New findings on the free speech views of college students have alarmed audiences left and right this week: 39 percent of college students think the First Amendment protects hate speech, and 19 percent agree that using violence to prevent a controversial speaker from speaking is acceptable.
The survey, conducted by John Villasenor of UCLA, was conducted online, and used a sample size of 1,500 respondents from both private and public colleges. Left-leaning sites including RawStory have attacked the study's merit based on one of its disclaimers––it was conducted by UCLA, with funding providing by the Charles Koch Foundation.
But what's inherently wrong with that? As reported by the Washington Post, and confirmed by Villasenor, CKF had no involvement in the design or administering of the survey. They did not see results before publication. "I had full independence when doing this work," said Villasenor via email. "At no point did CKF attempt to exercise control over the content of the survey or the content of the publication describing the results."
RawStory attempted to smear the results by suggesting that Villasenor was somehow influenced by "perceptions that have taken hold in the media thanks to the right-wing assault against institutions of higher education." But, by this logic, no researcher would be impartial if they've read any news reports in the past few years. It's strange to suggest that the "right-wing assault on higher education" seeps into all thought on the matter, or renders some aspects of free speech unworthy of studying.
Villasenor, too, thought RawStory's logic was strange.
It is indeed true that I was ‘motivated by concerns about the ‘narrowing window of permissible topics for discussion on campuses.'' That's a perfectly reasonable motivation to look into this topic. After all, if there was absolutely nothing notable or interesting about a topic, it wouldn't be worth studying.
It's completely ridiculous that a well-conducted study on free speech attitudes, a relevant topic as provocateurs such as Milo Yiannopoulos take the stage while violence erupts at hallowed institutions including Berkeley, falls victim to baseless partisan attacks. If CKF is choosing to fund studies on worthy topics such as these, and relinquishing any control over the findings, as they should, they're demonstrating a commitment to studying attitudes and trends, not advancing a specific agenda.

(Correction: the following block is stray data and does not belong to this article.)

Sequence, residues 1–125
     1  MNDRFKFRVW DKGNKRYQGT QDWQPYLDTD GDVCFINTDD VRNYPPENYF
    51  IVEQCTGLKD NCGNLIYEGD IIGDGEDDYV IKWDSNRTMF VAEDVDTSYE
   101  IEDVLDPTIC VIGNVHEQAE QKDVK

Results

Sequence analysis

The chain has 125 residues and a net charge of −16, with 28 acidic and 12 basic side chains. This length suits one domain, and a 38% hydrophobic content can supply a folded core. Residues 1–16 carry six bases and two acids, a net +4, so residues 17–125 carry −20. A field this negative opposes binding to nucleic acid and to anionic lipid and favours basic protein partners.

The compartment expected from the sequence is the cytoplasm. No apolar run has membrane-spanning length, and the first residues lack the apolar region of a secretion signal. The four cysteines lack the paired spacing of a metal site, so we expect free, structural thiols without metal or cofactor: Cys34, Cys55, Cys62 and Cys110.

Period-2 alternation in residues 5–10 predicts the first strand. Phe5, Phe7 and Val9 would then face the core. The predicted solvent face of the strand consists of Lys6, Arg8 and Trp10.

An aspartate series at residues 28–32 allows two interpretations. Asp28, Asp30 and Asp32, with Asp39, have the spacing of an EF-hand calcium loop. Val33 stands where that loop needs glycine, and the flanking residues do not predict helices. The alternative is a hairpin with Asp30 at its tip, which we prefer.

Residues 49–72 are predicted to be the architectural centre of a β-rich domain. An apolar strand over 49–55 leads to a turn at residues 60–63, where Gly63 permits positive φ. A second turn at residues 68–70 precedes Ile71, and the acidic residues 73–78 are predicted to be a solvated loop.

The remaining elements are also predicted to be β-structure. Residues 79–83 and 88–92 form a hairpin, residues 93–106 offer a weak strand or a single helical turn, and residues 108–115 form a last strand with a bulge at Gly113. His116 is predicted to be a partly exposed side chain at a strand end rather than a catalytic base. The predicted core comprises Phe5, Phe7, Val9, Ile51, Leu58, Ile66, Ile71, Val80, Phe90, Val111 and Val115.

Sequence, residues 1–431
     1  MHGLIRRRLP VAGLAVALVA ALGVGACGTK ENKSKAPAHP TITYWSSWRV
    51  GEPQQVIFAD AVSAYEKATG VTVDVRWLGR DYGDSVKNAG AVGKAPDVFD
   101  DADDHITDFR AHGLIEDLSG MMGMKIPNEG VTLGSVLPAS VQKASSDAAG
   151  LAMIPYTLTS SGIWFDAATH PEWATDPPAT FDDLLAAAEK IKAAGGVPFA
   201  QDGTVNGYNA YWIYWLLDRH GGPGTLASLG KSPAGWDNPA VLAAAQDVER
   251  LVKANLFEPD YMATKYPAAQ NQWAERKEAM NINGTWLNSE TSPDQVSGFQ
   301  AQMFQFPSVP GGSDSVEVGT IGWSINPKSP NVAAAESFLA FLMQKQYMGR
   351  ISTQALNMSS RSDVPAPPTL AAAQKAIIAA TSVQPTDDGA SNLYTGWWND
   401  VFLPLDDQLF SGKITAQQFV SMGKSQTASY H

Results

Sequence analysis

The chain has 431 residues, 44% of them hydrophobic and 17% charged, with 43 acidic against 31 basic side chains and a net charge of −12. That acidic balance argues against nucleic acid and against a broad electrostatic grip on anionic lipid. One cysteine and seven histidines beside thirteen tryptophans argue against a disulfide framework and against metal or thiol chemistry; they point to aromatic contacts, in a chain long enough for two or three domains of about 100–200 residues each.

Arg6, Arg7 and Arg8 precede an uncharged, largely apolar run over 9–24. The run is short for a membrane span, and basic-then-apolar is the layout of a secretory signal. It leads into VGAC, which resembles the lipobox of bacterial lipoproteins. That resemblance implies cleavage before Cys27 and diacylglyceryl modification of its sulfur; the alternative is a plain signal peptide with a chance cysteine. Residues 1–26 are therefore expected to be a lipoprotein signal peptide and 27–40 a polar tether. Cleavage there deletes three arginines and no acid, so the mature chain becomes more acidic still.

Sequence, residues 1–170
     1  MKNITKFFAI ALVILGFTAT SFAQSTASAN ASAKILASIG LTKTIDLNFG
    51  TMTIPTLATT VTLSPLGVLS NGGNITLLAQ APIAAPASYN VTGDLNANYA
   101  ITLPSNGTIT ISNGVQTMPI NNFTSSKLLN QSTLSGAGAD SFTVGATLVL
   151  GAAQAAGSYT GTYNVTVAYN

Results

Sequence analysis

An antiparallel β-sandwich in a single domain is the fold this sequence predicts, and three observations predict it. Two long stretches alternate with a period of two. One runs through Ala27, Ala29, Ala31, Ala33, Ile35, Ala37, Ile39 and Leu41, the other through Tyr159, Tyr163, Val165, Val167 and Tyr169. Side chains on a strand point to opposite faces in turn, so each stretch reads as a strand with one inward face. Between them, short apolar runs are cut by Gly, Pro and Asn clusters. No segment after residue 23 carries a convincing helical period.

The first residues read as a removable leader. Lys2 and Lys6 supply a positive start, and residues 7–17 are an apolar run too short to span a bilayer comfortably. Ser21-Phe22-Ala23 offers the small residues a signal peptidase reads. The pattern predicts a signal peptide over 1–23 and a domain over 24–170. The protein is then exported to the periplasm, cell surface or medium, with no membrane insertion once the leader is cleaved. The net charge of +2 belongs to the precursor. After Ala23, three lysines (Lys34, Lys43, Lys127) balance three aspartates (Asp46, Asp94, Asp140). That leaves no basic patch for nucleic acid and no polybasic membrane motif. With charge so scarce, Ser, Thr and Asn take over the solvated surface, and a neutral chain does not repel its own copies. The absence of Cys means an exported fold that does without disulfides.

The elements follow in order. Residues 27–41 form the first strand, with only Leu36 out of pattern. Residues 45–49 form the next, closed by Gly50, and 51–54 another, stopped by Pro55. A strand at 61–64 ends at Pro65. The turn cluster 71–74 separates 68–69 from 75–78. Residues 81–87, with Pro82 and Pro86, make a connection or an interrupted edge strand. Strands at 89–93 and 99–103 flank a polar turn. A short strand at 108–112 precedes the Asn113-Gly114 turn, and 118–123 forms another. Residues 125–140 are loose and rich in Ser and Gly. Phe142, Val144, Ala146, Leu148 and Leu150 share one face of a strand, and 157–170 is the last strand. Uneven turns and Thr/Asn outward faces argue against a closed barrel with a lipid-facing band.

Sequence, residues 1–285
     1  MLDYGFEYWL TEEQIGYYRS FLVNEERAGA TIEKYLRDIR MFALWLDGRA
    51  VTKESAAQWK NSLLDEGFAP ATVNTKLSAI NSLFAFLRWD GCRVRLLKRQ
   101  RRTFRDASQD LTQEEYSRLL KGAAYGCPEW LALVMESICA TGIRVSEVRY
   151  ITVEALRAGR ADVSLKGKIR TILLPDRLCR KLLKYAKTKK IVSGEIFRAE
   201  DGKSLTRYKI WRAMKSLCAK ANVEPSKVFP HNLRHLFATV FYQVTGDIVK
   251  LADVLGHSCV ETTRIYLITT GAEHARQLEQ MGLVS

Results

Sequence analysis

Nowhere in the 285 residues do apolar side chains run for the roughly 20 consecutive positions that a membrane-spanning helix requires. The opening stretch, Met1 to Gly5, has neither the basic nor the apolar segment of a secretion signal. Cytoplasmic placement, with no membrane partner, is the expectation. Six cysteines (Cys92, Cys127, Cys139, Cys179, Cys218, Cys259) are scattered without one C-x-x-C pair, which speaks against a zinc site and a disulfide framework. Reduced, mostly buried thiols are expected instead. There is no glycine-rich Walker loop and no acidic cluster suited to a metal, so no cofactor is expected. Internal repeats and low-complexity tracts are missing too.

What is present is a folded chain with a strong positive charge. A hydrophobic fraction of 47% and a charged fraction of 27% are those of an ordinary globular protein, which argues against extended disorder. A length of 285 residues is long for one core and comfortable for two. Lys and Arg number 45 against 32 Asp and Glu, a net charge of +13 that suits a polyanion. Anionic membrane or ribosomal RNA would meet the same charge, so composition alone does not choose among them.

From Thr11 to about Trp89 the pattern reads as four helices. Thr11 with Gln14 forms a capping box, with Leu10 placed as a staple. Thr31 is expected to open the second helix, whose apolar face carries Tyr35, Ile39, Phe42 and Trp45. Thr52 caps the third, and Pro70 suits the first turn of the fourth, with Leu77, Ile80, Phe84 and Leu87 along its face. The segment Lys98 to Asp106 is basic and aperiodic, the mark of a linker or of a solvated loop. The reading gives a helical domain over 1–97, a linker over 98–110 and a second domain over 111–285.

By all means, regard the Kochs and Soroses of the world with a degree of skepticism. They've deeply influenced the political system, for better or worse.
But shouldn't liberal audiences welcome the seemingly-good shift in Koch funding practices? If the Charles Koch Foundation and Institute are funding educational programs (which, full disclosure: I have taken part in), studies on noteworthy political trends, and partnerships between left- and right-wing criminal justice groups, isn't that a better use of their money than sending it to some Republican candidate? From a liberal perspective, you'd think providing funding for academic research is preferable to supporting failed presidential candidates such as Scott Walker.
Although Brookings served only as the publication venue, the Brookings-CKF relationship serves as an example of how more organizations should act. CKF has a well-documented history of providing funding for Brookings in the $200,000-300,000 range. This is no secret; tax returns make this abundantly clear.
If CKF were attempting to influence Brookings' findings, and tarnish their reputation, wouldn't Brookings sever that relationship? It's not like an organization such as Brookings needs $280,000 to stay viable. Just because Koch money has touched the hands of UCLA researchers doesn't mean they're controlling the results––and any researcher worth their salt should be able to set clear boundaries for how funding affects study design (it shouldn't, at all). After all, academics rarely go into their fields expecting to be paid like kings.
It's indisputably good that CKF is working with UCLA to study college students' views on free speech. As First Amendment rights fall out of favor with the far-left, it's everyone's job, regardless of political affiliation, to remind young people that when the government uses their power to crack down on political speech, they don't just target the "bad guys." It becomes open season for suppressing ideas and monitoring speech, and that's resulted in FBI surveillance of Martin Luther King Jr. and anti-war activists, as well as NSA spying on the executive director of the Council on American-Islamic Relations.
The less we value free speech, the more imperiled these groups and people become.
There's a reason why the ACLU, journalists at The Intercept, and Charles Koch all believe in the value of free speech––it transcends party lines.
Liz Wolfe (@lizzywol) is a contributor to the Washington Examiner's Beltway Confidential blog. She is managing editor at Young Voices.
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